Gavin Newsom, the newly inaugurated governor of California, would very much like to be president of the United States someday. It is fitting, then, that Newsom has begun his audition for the role by engaging in the sort of brazen executive overreach that we have become accustomed to seeing from White Houses.
On Tuesday, Newsom confirmed that no executions will be performed in California while he is governor. This change, he explained, will be made unilaterally, without reference to either the legislature or the judiciary, by applying his gubernatorial reprieve power on a wholesale basis. There are 737 people on death row in California. Should their execution dates coincide with his tenure, Newsom will automatically grant a commutation. “I cannot,” Newsom insisted, “sign off on executing hundreds and hundreds of human beings.”
If that is the case, then Newsom should not have run for governor of California, and nor should he have sworn an oath to “see that the law is faithfully executed.”
The reprieve power that Newsom wields is intended to be applied on a case-by-case basis, as a final check against judicial error or egregious injustice. It is not intended to be invoked indiscriminately as a means by which to nullify or thwart well-established laws that the executive happens not to like. During his press conference, Newsom repeatedly used the word “moratorium.” Perhaps this was an attempt to cast minds back to that brief period in the 1970s during which the death penalty was ruled nationally unconstitutional. But, in truth, Newsom’s recalcitrance has little in common with that moment. There exists no pending litigation or constitutional challenge to California’s arrangement, and there exists no confusion as to the integrity or meaning of the underlying statute. Newsom just dislikes the status quo and so has resolved to change it by force.
The arrogance of his position is remarkable. Californians were asked as recently as 2016 whether they wanted to abolish capital punishment in the state and not only answered “No” by a margin of six points but voted to speed up the appeals process in concert with that refusal. It is entirely reasonable for Newsom to have been disappointed by that result; in California, as everywhere else, the death penalty is a topic of considerable debate. It is not reasonable, however, for Newsom to seek to undermine that result in its entirety. What, Californians might well ask, is the purpose of having a system of legally binding propositions if the executive branch can reverse them on a whim? What, by the same token, is the California legislature for? And why convene juries — and guide them in painstaking detail through complex and difficult questions — if their judgment is to be summarily replaced by a single officer in Sacramento?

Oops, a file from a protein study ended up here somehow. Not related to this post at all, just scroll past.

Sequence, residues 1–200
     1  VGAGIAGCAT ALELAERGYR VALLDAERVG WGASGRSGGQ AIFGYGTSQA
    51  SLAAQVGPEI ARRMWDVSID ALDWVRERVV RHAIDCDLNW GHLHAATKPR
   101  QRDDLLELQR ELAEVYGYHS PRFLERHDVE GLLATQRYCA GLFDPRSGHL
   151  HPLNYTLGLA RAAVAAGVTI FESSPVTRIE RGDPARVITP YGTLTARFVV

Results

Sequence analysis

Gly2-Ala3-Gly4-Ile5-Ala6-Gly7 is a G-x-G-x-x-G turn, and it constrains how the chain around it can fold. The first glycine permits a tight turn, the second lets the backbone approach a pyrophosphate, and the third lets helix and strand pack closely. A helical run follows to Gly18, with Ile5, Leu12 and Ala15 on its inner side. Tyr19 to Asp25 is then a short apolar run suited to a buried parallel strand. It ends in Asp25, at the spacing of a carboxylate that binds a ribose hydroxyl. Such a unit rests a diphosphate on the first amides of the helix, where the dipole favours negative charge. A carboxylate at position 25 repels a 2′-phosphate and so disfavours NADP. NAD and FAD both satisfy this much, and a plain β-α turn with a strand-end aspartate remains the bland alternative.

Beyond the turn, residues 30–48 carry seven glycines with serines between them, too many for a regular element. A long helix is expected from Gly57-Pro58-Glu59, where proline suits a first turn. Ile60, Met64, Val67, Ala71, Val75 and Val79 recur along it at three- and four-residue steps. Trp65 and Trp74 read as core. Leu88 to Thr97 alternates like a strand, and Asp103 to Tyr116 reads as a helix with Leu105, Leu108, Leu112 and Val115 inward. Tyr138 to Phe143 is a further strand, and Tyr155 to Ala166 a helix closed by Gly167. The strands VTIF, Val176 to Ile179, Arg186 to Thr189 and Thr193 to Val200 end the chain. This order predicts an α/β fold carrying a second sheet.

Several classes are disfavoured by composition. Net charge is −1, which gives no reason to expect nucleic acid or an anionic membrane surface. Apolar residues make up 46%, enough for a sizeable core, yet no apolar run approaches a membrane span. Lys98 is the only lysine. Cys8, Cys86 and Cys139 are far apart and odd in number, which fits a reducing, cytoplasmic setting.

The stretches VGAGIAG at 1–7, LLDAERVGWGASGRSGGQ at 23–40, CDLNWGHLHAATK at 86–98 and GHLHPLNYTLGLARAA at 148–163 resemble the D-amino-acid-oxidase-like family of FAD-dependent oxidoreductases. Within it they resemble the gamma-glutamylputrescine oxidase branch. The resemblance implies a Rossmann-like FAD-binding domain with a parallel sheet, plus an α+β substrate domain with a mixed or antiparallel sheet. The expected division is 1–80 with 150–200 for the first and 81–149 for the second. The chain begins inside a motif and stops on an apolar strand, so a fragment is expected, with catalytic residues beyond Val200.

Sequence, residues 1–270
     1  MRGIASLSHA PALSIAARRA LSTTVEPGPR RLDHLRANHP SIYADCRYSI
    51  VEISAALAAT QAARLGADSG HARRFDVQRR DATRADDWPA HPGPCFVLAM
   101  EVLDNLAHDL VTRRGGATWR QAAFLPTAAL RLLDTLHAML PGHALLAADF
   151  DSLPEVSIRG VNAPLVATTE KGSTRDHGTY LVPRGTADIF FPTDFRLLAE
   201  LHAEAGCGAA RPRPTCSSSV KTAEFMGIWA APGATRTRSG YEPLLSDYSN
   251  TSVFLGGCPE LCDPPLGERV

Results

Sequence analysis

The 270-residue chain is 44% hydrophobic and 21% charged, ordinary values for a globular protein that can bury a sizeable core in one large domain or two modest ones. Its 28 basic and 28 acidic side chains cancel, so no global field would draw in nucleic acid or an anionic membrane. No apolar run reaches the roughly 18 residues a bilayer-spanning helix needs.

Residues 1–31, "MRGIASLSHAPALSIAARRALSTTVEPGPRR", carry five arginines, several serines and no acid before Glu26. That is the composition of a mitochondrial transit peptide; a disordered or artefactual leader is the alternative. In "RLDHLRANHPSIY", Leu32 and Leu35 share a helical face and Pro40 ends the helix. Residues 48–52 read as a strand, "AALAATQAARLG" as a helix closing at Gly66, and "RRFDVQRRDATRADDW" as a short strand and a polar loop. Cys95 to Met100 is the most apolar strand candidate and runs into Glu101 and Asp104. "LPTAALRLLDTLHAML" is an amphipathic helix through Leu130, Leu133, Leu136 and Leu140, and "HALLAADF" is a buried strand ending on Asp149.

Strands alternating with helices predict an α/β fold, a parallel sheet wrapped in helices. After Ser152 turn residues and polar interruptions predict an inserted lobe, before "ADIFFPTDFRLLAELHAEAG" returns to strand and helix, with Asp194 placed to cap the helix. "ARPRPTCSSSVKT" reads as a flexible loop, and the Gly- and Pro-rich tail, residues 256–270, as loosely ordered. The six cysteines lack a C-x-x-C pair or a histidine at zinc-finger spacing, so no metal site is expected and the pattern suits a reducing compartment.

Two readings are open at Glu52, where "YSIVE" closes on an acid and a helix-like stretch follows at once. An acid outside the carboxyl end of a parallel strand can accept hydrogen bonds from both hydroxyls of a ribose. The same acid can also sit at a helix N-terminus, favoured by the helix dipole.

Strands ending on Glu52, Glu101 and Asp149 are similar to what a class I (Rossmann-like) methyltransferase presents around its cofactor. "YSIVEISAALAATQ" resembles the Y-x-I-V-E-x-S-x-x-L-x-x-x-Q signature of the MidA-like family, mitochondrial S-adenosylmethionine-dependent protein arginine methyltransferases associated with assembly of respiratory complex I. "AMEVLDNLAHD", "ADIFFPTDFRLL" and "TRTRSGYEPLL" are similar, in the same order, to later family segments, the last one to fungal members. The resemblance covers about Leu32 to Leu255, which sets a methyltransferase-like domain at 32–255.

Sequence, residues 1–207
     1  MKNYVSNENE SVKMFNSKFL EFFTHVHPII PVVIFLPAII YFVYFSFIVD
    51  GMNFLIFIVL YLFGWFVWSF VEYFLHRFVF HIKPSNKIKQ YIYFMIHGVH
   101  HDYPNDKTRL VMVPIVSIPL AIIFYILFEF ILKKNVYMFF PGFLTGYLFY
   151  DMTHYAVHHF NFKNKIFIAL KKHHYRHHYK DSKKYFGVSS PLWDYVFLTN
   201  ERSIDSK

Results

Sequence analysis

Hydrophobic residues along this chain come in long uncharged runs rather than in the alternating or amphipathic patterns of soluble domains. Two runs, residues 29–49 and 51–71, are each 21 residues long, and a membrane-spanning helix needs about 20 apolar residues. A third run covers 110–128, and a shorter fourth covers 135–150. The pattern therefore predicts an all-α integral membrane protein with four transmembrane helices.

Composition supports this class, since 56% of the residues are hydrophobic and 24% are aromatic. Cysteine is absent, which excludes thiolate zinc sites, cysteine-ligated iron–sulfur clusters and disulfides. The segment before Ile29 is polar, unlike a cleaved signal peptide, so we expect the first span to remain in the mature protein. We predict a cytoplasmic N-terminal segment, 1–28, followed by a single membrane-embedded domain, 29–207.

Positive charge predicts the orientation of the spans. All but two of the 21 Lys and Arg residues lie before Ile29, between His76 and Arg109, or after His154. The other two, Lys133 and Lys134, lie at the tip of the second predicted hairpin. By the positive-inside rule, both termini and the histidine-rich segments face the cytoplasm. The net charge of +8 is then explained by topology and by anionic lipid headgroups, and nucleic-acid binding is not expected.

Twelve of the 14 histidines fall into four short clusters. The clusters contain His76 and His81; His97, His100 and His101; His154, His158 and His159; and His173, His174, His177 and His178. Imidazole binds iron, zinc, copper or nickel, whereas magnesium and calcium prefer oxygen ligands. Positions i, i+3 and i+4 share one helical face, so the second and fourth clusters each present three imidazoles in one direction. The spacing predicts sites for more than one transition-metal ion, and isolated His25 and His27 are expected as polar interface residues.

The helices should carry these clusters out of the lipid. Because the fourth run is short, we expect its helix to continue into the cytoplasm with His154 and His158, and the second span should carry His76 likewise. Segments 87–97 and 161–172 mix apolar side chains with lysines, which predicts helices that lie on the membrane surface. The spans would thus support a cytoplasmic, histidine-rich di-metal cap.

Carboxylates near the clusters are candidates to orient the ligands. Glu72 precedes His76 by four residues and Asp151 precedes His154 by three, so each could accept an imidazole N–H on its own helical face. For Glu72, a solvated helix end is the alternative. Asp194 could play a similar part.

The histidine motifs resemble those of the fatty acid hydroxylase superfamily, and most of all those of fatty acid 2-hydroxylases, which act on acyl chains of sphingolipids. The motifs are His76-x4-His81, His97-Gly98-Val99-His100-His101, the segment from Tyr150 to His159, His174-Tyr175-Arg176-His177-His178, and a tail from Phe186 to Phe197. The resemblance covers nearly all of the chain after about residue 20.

During the debate over the merits of the federal Constitution, many prominent anti-Federalists worried that to give the president the power to pardon was, in effect, to make him a king. For most of American history, this fear proved unfounded. In recent years, however, the ghost of Patrick Henry has begun to rattle his chains, as a growing number of executives have begun to transmute their pardon power into a general veto. This is what Barack Obama did in pursuit of DACA; it is what Governor Terry McAuliffe did, against the will of the Virginia legislature, in order to re-enfranchise felons who he believed had paid their debts to society; and — perhaps this is where Newsom got the idea? — it is what former Illinois governor George Ryan did back in 1999 when he responded to the failure of a death-penalty moratorium in the legislature by issuing his own. When Gavin Newsom announced his run for governor, he suggested that “California has a responsibility and opportunity to show the country and the world what inclusive, progressive government can achieve.” If this is what he meant, the country should say, “No, thank you.”